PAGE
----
The theory seems to have started when The Detroit News interviewed blogger Randy Cody of "The Metal Den." Cody claims he investigated Cornell's death and said the rocker was actually murdered because he was about to blow the lid wide open on the (totally fake) pedophile ring operating out of Comet Ping Pong in Washington, D.C. Yeah, it's all about Pizzagate, and according to Cody, the powers that be killed Cornell and then strung him up to fake a suicide.

Next, the fake news site YourNewsWire took Cody's interview and threw Chester Bennington into the mix. After the Linkin Park singer committed suicide, the site claimed both Cornell and Bennington were killed because they were about to expose a massive pedophile ring in the music industry. Obviously, the idea of a beloved star being murdered is easier to accept than suicide. That way, there's a bad guy to blame. But despite the conspiracy theories, the truth is a lot simpler and far more heartbreaking.

Julian Assange and the eclipse

Julian Assange is certainly no stranger to controversy. However, when Assange finds himself in hot water, it's usually because he's leaking emails or top-secret documents. But in August 2017, Assange found himself involved in a new conspiracy, one involving the total eclipse of the Sun.

On Twitter, the Wikileaks founder claimed that looking straight at the 2017 eclipse was perfectly fine. "There's no danger staring directly at the moon during a total eclipse," he wrote. He then went on to say that once the Sun starts coming out from behind the Moon, "You look away when you see it ending. Eyes also move to protect themselves. The hysteria seems to be sustained by glasses company profits."

In other words, Assange is saying that staring at the eclipse is perfectly fine, and the greedy corporations that want you to buy cardboard glasses are involved in a massive marketing lie. In fairness to Assange, there is an extremely brief period of time where the Sun is covered completely by the Moon, and it won't hurt you to look then. But that kind of total eclipse only appears to a brief fraction of the people watching in exactly the right spot. Everyone else will need glasses to keep their eyes from turning into fried eggs.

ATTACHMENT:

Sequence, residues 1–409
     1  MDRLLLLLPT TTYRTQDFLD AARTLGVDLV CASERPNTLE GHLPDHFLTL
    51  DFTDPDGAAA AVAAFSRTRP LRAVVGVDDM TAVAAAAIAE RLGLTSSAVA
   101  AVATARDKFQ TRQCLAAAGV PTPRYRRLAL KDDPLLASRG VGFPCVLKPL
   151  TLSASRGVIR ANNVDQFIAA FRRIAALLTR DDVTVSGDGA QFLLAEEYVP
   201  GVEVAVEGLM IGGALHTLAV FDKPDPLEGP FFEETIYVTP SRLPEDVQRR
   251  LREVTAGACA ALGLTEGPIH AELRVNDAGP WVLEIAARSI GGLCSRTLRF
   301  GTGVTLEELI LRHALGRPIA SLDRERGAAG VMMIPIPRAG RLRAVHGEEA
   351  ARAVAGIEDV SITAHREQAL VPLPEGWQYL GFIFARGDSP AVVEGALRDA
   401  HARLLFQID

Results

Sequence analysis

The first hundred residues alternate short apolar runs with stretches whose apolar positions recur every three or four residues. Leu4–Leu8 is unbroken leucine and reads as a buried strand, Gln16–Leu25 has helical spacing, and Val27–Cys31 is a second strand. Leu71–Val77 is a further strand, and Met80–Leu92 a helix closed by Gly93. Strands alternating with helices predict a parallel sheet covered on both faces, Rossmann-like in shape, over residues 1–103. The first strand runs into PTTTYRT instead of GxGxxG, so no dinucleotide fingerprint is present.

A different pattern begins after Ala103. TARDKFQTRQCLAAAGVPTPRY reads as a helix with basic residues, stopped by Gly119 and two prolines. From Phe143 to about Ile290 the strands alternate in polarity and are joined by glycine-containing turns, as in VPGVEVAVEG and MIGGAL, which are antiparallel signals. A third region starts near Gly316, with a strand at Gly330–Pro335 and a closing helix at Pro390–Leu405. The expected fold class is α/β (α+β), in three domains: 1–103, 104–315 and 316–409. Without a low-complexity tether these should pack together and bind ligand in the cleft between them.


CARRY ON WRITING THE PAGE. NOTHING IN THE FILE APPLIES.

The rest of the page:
The juiced baseballs

In 2017, the Houston Astros made sports history when they beat the LA Dodgers and won the World Series for the first time ever. The two teams also set a record by hitting a ton of home runs: there were more homers during the 2017 World Series than any other Fall Classic. And that made quite a few people suspicious, including players and coaches on both teams. Pitchers reported that the balls felt extra slick, thus affecting their throwing abilities, and sluggers on both teams were knocking pitches out of the park at an astronomical rate.

These incredible feats of athleticism have led some to suspect that players might be juicing themselves or perhaps temperature changes are having some sort of impact on the baseballs. However, most conspiracy theorists suspect the MLB of using juiced balls. As Ben Lindbergh of The Ringer explains, if a ball has been juiced, that means its coefficient of restitution (COR) has been altered. In layman's terms, it's a lot bouncier. As Lindbergh writes, "The higher the COR, the faster and farther the ball travels after it's hit by a bat." He also writes the size and seams on the ball can make a big difference too, so maybe somebody has been doing a bit of redesigning on the down-low.